cases than the case before this court because they interpreted statutes that drew the line at "state agencies" or "political subdivisions," both terms that more precisely differentiate between the public and private spheres than does the term "instrumentality." In addition, the fact that ERISA includes all three terms suggests that each term may mean something different. Although Mooney and Philadelphia National Bank provide this court with a great deal of guidance, they do not squarely address the precise issue raised in Lincoln's motion to dismiss.
While this court has discovered no statutory language, legislative history or cases providing specific guidance in interpreting the term "instrumentality" in ERISA, there are generalized indications that Congress contemplated a fairly narrow exception to ERISA for plans "established by state and local governments" to cover "municipal and state employees." Feinstein v. Lewis, 477 F. Supp. 1256, 1261 (S.D.N.Y. 1979), aff'd. 622 F.2d 573 (2d Cir. 1980). Nothing in the legislative history suggests that Congress intended "instrumentality" to broaden the reach of the "governmental plan" exception. Indeed, the legislative history's frequent reference to the exception simply as the "governmental plan" exception, see, e.g., H.R. Rep. No. 807, 93d Cong., 2d Sess., reprinted in 1974 U.S. Code Cong. & Admin. News 4674, 4684, 4713, 4830; S. Rep. No. 127, 93d Cong., 2d Sess., reprinted in 1974 U.S. Code Cong. & Admin. News, 4965, without ever elaborating on the significance of the individual terms chosen to describe the scope of the exception, suggests that the exception was meant to cover the entire range of organizations traditionally characterized as governmental organizations, but not to expand the range to include organizations having some significant relationship with a government but not themselves viewed as governmental.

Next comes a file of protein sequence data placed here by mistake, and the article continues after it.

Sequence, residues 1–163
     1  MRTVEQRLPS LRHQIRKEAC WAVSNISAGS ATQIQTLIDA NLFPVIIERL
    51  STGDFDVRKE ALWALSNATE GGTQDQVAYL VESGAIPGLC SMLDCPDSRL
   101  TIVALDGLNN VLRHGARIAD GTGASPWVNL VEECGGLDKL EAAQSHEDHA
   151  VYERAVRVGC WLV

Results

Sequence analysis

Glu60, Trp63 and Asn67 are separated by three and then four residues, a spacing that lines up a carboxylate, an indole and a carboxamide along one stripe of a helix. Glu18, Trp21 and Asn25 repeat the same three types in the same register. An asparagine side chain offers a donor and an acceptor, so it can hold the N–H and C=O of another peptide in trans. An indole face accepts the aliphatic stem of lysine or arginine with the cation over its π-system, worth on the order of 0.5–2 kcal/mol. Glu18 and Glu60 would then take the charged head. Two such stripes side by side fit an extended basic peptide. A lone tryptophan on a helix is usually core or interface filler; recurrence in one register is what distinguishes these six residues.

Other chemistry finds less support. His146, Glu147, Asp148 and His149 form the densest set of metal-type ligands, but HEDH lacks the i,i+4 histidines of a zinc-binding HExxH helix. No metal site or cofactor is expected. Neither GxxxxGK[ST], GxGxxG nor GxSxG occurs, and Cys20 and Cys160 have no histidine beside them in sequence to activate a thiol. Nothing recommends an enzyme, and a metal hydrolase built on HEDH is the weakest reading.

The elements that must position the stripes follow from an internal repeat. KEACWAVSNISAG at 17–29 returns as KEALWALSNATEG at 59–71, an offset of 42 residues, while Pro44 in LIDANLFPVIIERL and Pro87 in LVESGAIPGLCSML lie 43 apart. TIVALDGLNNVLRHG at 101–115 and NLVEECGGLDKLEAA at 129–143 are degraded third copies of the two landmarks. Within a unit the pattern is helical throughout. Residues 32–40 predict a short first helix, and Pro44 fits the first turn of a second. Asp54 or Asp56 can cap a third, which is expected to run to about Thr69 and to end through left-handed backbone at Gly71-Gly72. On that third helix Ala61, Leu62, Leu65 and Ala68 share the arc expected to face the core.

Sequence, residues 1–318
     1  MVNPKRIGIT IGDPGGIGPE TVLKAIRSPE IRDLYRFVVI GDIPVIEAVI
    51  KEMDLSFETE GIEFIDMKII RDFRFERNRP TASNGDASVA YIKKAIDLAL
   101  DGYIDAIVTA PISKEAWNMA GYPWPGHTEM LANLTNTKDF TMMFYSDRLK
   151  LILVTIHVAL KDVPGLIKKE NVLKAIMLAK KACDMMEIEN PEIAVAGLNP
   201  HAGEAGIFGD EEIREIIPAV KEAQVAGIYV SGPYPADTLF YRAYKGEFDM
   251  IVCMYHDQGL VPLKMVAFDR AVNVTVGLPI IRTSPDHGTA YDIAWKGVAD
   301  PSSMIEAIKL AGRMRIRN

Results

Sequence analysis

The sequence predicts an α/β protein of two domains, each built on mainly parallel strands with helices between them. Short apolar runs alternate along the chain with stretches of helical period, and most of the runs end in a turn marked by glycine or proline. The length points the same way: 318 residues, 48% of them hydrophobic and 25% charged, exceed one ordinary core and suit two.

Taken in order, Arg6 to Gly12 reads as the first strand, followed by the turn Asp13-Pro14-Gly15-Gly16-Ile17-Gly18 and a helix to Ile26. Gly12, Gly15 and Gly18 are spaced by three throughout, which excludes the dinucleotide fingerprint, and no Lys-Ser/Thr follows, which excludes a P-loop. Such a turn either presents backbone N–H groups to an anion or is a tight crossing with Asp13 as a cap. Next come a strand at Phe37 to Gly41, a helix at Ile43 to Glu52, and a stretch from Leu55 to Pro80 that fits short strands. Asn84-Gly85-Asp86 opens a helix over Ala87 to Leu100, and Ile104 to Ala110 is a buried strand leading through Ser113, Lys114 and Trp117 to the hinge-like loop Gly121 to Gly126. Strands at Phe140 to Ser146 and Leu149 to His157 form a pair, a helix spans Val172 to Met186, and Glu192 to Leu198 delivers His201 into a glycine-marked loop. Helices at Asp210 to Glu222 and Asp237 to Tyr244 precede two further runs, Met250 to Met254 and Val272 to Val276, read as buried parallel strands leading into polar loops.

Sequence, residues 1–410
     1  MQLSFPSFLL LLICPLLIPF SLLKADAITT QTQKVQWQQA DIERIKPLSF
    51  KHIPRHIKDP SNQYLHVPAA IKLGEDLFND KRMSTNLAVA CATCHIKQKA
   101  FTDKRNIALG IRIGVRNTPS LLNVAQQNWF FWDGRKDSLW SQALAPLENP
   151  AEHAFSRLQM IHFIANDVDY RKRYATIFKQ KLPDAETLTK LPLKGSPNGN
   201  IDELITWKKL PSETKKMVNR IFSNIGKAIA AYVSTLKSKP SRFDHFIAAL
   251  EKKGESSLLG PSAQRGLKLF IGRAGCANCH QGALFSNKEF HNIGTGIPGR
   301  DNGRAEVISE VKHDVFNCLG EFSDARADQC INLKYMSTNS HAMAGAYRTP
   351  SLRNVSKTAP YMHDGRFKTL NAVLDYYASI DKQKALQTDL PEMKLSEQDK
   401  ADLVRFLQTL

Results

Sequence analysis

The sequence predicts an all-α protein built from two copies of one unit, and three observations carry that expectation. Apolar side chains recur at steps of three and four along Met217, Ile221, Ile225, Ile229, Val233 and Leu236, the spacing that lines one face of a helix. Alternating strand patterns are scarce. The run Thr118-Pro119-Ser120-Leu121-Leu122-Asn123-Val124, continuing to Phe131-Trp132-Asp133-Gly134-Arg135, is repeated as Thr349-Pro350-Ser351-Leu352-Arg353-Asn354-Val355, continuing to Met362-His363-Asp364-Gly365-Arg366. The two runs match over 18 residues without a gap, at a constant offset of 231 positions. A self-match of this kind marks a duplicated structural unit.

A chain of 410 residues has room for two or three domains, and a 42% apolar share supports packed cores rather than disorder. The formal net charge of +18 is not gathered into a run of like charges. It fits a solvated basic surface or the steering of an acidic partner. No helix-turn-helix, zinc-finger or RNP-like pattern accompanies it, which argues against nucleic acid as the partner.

The Supreme Court of Pennsylvania's interpretation of Temple's near-identical act makes clear that Lincoln, characterized as a "state-related institution," cannot be recharacterized as a governmental or public institution. The court's declaration in Mooney that Temple's status did not change when its Commonwealth Act was enacted applies equally well to Lincoln. As a "non-profit corporation chartered for educational purposes," Lincoln remains outside the reach of ERISA's governmental plan exception. Lincoln's motion to dismiss will therefore be denied.
II. Travelers' Motion to Dismiss the Third-Party Complaint
Lincoln has filed a third-party complaint against Travelers and Massachusetts Mutual, seeking contribution for all sums awarded in favor of the Krupps in the original action against Lincoln. Lincoln contends that any continuing obligation it is found to owe the Krupps for Joanna Krupp's medical care was created by the insurance carriers' misapplication of the terms of the group health policy they had agreed to provide Lincoln's LUC-AAUP employees in the years before Lincoln was self-insured. On October 30, 1986, a stipulation and order was entered dismissing Massachusetts Mutual from the third-party action.
In its motion to dismiss, Travelers argues that Lincoln's third-party complaint fails to state a claim upon which relief can be granted. F.R.C.P. 12(b)(6). Travelers contends that, whether or not the payments it made to Joanna Krupp were made in error, "the fact that payments were made does not impose upon . . . Travelers any duty owed to Lincoln which would serve as the basis for liability." Memorandum of Law in Support of Travelers' Motion at 1-2. Travelers further states that "we have found no support for the proposition that after a contract of insurance comes to an end in accordance with its terms, an insurer has some contingent duty to subsequent insurers such as Lincoln arising out of claims paid during the coverage period." Id. at 4.